There are three ranges of dates for The Art of War, but general agreement has proven impossible because each of these ranges has its own problems. The first possibility is that the text was actually composed by Sunzi shortly before his death in the early fifth century b.c.e. This position assumes that the attribution of the text to Sunzi is correct, and therefore, the work must have been written during his lifetime. The two other proposed ranges, both based on internal evidence (such as writing styles and content), are the last half of the fifth century b.c.e. and the fourth to third centuries b.c.e. These latter two datings obviously deny Sunzi’s authorship and attempt to situate the text within a particular literary and intellectual milieu. Without an unambiguous archaeological find to clarify these issues, however, they will remain unresolved.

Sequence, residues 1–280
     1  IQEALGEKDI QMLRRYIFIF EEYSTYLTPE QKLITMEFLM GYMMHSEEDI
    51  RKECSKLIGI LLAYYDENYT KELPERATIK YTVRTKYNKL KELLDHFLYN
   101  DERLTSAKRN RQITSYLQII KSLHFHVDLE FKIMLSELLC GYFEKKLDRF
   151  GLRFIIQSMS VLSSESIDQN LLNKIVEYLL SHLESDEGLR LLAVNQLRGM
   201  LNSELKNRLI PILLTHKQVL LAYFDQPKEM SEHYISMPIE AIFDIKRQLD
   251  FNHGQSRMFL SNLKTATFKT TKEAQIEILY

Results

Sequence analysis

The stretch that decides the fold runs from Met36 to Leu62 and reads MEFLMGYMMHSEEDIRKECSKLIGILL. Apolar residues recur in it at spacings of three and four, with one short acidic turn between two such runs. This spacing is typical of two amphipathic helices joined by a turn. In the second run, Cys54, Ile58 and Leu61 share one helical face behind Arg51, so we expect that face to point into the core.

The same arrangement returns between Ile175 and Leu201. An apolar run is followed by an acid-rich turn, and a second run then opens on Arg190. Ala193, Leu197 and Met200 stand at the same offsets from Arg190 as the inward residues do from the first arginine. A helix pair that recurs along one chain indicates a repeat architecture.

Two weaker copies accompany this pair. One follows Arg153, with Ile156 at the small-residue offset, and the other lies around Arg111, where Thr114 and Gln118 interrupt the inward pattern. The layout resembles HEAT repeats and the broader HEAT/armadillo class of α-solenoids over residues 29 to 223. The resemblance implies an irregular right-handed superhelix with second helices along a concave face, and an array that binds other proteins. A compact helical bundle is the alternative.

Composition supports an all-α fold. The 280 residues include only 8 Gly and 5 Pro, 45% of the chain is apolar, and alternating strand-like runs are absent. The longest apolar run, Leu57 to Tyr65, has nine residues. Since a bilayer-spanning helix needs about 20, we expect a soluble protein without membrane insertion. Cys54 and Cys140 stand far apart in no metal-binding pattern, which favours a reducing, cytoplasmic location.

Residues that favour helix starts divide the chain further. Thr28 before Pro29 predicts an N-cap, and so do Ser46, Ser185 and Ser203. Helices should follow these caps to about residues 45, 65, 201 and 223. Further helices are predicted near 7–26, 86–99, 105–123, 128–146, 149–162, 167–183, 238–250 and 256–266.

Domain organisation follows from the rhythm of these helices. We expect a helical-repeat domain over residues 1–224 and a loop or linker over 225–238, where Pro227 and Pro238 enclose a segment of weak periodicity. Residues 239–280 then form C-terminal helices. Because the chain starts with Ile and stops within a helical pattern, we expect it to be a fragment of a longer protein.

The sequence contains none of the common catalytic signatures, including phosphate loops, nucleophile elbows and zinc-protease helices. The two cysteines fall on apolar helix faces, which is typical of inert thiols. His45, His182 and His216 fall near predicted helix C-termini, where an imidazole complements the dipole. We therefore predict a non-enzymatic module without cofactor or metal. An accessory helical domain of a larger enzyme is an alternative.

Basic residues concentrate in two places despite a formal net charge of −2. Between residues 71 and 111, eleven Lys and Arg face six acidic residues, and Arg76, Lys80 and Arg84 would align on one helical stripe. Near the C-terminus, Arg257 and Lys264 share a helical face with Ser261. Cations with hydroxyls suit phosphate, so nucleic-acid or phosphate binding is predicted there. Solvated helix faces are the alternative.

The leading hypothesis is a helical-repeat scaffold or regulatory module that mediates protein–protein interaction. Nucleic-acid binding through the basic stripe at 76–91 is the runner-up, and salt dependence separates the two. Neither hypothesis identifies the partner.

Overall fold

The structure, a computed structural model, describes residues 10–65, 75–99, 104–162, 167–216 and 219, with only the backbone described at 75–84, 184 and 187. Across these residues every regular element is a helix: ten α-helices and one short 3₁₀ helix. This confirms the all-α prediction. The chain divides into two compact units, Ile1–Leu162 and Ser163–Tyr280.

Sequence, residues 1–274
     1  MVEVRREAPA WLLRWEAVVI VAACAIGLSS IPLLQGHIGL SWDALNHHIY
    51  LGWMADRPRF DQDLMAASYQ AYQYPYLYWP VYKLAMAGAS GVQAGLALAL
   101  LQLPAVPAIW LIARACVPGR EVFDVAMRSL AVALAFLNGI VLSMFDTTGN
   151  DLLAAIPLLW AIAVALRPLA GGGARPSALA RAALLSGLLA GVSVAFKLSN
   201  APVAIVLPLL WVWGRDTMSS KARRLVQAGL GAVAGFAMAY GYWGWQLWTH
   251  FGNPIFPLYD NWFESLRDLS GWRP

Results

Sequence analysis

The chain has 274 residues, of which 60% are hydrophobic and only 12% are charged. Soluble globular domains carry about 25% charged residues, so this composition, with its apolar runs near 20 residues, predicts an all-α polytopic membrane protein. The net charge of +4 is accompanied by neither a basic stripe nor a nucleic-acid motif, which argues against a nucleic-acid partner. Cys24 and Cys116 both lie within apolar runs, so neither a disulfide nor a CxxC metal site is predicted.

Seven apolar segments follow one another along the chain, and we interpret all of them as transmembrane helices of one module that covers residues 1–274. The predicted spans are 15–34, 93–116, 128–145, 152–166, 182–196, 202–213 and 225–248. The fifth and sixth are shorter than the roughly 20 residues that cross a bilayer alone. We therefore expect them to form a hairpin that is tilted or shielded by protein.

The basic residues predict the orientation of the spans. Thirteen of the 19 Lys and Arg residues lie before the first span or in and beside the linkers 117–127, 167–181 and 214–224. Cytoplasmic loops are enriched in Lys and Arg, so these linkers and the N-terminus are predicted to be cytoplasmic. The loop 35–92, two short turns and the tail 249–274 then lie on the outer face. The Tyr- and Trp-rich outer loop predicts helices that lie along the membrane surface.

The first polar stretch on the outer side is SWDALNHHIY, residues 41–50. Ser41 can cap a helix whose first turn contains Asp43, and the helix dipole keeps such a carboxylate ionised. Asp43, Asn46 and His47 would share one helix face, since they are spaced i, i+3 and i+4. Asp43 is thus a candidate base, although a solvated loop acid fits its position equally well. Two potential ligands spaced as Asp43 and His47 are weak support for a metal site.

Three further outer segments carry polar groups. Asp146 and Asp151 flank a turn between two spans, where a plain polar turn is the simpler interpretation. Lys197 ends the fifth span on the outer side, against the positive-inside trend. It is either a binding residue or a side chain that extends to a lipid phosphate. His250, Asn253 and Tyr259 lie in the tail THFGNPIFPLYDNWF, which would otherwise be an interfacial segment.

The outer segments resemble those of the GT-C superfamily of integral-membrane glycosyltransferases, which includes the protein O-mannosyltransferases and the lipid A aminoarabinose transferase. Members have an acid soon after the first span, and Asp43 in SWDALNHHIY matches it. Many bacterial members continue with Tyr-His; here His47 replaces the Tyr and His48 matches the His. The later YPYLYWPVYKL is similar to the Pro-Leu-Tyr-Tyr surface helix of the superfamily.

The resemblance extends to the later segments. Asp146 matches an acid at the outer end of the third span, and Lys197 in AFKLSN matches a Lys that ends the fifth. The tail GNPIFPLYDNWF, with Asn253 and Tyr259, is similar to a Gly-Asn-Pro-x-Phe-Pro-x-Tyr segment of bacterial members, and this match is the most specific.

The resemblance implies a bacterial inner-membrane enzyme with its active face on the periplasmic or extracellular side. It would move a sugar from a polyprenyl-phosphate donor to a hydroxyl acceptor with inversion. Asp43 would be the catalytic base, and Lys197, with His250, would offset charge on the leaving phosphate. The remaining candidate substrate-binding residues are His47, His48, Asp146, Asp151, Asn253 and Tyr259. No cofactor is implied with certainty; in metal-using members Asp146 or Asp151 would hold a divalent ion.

The sophistication of the understanding of war represented in the text, the simplicity of its language, and the comprehensiveness of its consideration has convinced many modern scholars that The Art of War must be the inheritor of a long and well-developed tradition of discussions of war rather than the originator of a tradition. It is probably true that the writer or writers of the text had a profound understanding of war, extending from its relationship to the ruler and state all the way down to tactical issues. This does not preclude, however, the possibility that the author or authors were the first to write these understandings down and to shift an oral tradition to a written one. Regardless, either because of the loss of any earlier texts or because The Art of War was actually the beginning of the tradition of Chinese military thought, the work effectively became the starting point of all subsequent Chinese writing on war.